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Narva college director: Russian influence attempts not very successful

Kristina Kallas.
Kristina Kallas. Source: ERR

In its review of 2017 published on Thursday, the Internal Security Service points to Russia increasingly concentrating its propaganda and manipulation efforts on young people. Director of the University of Tartu's Narva College, Kristina Kallas thinks Russia's efforts have not been successful.

Kallas told ERR's "Aktuaalne kaamera" newscast on Thursday that although Russia's attempts at influencing Estonian society are quite visible in Narva, she couldn't say that they have been successful.

"Looking at my students, I see that these attempts haven't been particularly successful," Kallas said. "And my own study two years ago showed that Estonia's Russian-speaking youngsters are looking towards Estonia and Europe rather than to Russia."

Kallas added that of course she couldn't exclude the possibility that there are groups among them that see things differently, but that in her opinion Russia's activities haven't had a broader impact.

That Russian-speaking youth are attending events and camps in Crimea and Moscow doesn't automatically mean that they are taking over a Kremlin-directed mindset, Kallas stressed. Plenty of them likely don't make that connection.

Estonia could do more to make sure that young people of both language groups get to know each other better, and to teach them in the same schools, she added. Instead of blaming Russian-language schools for students' bad performance in some subjects, efforts should be directed towards having Estonian and Russian speakers study in the same schools.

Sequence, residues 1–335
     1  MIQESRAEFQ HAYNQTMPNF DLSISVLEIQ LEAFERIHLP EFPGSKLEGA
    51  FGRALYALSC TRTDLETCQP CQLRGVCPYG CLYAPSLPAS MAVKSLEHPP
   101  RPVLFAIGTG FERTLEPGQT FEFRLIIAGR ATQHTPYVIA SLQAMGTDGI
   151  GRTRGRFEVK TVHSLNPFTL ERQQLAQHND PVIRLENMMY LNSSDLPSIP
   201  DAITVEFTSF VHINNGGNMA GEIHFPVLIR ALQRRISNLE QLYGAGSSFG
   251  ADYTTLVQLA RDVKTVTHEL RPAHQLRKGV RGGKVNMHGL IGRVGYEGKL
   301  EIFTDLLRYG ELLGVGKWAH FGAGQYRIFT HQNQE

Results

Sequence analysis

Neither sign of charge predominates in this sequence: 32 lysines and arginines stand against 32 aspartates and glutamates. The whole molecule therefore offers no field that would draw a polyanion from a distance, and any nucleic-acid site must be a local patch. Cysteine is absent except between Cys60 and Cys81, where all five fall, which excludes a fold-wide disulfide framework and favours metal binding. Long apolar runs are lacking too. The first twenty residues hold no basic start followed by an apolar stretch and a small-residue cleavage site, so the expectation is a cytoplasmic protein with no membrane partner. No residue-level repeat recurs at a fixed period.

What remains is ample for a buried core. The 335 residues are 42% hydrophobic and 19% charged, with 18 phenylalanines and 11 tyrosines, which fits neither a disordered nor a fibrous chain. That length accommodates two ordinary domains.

Teachers attending seminars in Russia not in Estonia's interest

Teachers at Russian schools in Estonia attending history and social studies seminars in Russia is not in Estonia's best interest, Kallas said. But even here, a change of attitude towards teaching Estonian and Russian-speaking youngsters would help.

Barring teachers from attending those seminars would likely cause a backlash. Instead of such extreme measures, a softer approach better integrating the country's young Russian and Estonian speakers would likely get better results.

"This would have to start in the schools, where they spend four to five hours a day," Kallas said.

Another thing that helps are activities outside school, she added, which is something that in Narva has worked better and better over the past years. "Sports have had a lot of interest over the last five years, and that has presented our young people with an opportunity to realize themselves. I think that sport is one of the areas where young Russian speakers can integrate very well. Another area is culture, where more cross-cultural events are needed," Kallas said.

Editor: Dario Cavegn

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